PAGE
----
Challenging trademarks for non-use: lessons from the Federal Court of Appeal

In the recent case of Re Spirits International BV (2012 FCA 131) the Federal Court of Appeal clarified the conditions under which a trademark owner can rely on related-party use of its trademark. This decision will be of interest to brand managers and related companies sharing IP assets.

Re Spirits International BV arose from an application to expunge a trademark pursuant to Section 45 of the Trademarks Act. Section 45 provides an expedited process to remove the "deadwood" of unused trademarks from the register. In a Section 45 application, the registrar requires a trademark owner to provide proof it has used the trademark in the past three years, at the request of any interested party. The owner may also show that another entity has used the mark, but that such use accrues to the owner's benefit (ie, through a licence). If the owner can provide sufficient proof of use, registration survives, but if the owner fails then the trademark is expunged.

A key question in Section 45 analysis of licensed use is whether the licensee's use can support use by the registrant. Section 50 of the Trademarks Act sets out two requirements that must be satisfied in order for licensed use to accrue to the benefit of the trademark owner:

  • The use must be under licence.
  • The owner must exercise direct or indirect control over the character and quality of the goods or services with which the trademark is used.

The court in Re Sprits International BV addressed the application of these requirements in the context of Section 45 proceedings. At stake before the Trademarks Opposition Board was Spirits International BV's MOSKOVSKAYA RUSSIAN VODKA trademark and design. Spirits BV asserted its use of the trademark by filing an affidavit sworn by Mr Fedornya, manager of its Swiss branch. In his affidavit, Fedornya swore that MY COMPANY exercised the required degree of control over the production of vodka sold in association with the trademark in Canada. However, the term "MY COMPANY" was defined in the affidavit as including several different companies owned by Spirits BV's parent company, SPI Group. According to the board, this introduced a fatal ambiguity in Spirits BV's evidence, since it was unclear whether Spirits BV exercised the required quality control over the trademarked products, or whether control was exercised by some other entity within the Spirits International group of companies. Since corporate structure alone cannot prove the existence of quality control, the board held that the Section 50 requirements had not been met. Thus, Spirits BV could not claim the benefit of related-party use and the trademark was ordered to be expunged.

On appeal to the Federal Court, Spirits BV filed a fresh affidavit and argued that this additional evidence justified overturning the board's ruling. The second affidavit was sworn by Mr Denisov, head of the legal department at Sprits International (Cyprus), another subsidiary of SPI Group. This second affidavit stated that Spirits Cyprus was licensed to use the trademark during the relevant period, and that Spirits BV had delegated the quality control function to other members of its corporate group, which conducted "periodic testing" of the vodka's quality. The Federal Court noted, however, that this second affidavit was still ambiguous in many ways and made the bare assertion that a licence existed during the relevant period, without providing start or end dates for that licence. As a result of these flaws, the Federal Court held that the new affidavit would not have affected the findings of the board and thus did not affect the board's original decision.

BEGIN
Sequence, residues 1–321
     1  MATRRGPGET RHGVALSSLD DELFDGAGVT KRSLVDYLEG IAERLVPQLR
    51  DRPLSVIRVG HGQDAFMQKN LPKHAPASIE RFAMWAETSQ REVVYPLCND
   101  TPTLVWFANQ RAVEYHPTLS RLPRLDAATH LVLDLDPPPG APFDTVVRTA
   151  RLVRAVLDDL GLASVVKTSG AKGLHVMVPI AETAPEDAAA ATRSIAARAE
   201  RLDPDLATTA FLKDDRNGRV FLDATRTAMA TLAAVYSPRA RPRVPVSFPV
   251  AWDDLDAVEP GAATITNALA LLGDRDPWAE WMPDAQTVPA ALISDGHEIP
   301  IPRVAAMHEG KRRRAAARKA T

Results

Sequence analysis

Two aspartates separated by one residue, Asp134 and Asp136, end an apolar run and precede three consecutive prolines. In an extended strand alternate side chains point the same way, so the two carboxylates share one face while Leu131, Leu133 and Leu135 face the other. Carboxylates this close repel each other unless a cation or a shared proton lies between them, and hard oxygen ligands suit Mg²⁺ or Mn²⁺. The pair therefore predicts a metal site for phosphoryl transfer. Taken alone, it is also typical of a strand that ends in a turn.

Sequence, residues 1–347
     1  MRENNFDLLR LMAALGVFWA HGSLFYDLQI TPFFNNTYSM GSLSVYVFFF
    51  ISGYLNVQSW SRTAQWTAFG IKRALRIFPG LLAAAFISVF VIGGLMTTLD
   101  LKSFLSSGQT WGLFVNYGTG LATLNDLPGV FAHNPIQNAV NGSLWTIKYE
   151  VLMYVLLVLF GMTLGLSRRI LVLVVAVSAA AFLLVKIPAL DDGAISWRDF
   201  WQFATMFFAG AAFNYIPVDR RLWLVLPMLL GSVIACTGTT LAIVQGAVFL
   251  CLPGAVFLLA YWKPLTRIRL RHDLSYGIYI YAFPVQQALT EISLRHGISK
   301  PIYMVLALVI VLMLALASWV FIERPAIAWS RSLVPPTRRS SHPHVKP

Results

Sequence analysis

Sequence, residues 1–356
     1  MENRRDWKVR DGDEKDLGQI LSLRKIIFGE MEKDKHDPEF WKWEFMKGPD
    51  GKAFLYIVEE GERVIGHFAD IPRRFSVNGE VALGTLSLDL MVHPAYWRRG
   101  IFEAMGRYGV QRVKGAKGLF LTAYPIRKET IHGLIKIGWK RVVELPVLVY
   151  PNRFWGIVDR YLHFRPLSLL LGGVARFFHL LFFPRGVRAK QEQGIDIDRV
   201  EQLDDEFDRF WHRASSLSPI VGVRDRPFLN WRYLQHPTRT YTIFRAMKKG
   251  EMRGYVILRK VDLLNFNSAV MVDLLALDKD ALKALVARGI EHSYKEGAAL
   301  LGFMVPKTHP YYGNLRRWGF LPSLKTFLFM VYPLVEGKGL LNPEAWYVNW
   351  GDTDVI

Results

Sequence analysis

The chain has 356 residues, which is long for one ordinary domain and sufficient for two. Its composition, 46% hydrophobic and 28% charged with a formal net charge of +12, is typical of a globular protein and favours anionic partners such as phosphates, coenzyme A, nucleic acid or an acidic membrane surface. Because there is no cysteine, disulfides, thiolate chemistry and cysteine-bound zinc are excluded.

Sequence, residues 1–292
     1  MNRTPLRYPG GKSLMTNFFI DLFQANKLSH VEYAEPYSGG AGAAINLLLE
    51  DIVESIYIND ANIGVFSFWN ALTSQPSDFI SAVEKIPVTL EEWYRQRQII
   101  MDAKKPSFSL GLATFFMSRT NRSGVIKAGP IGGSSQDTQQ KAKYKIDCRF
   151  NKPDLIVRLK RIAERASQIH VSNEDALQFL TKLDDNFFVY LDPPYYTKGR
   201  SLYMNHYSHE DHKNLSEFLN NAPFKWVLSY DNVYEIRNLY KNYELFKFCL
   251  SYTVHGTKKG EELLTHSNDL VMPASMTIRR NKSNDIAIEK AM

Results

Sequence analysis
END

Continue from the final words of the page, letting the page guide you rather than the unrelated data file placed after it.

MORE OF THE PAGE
The Federal Court of Appeal took a very different approach. It began by noting that the evidentiary burden on the trademark owner in Section 45 proceedings "is not a heavy one", and that an "affidavit or statutory declaration will suffice if it provides a factual description of the use of the subject mark".

The Federal Court of Appeal then proceeded to draw its own conclusions based on the two affidavits. It first rejected the argument that the nature of Spirits Cyprus's licence was unclear and found that the statements in the Denisov affidavit were "more than bare suggestions", but were "assertions of fact describing how Spirits BV had exercised the required degree of control". According to the Federal Court of Appeal, any ambiguities could be cured by inferring from the facts stated in the affidavits and from the invoices for vodka sales in Canada provided by Spirits BV. Taken together, these documents inferred that Spirits Cyprus was a licensed selling agent for Spirits BV. Furthermore, the Federal Court of Appeal ruled that the Denisov affidavit's statement that Spirits Cyprus was licensed during the relevant period was sufficient, and that the absence of a specific start and end date was irrelevant: "it would add nothing to state the beginning or ending date of the license." Thus, the affidavits established the requisite level of use and the registration was maintained.

While Re Spirits International BV is ultimately a reassuring case for trademark owners facing Section 45 challenges, it highlights the need for related entities and subsidiaries to ensure that members of their corporate group have the appropriate licensing arrangements in place to comply with Section 50 licensing requirements at all times. Trademark owners should also ensure that, if faced with a Section 45 challenge, they provide clear and unambiguous evidence of use, licensing and quality control. Solid evidence before the board could have avoided costly appeals to the Federal Court.

This is an Insight article, written by a selected partner as part of IAM's co-published content. Read more on Insight

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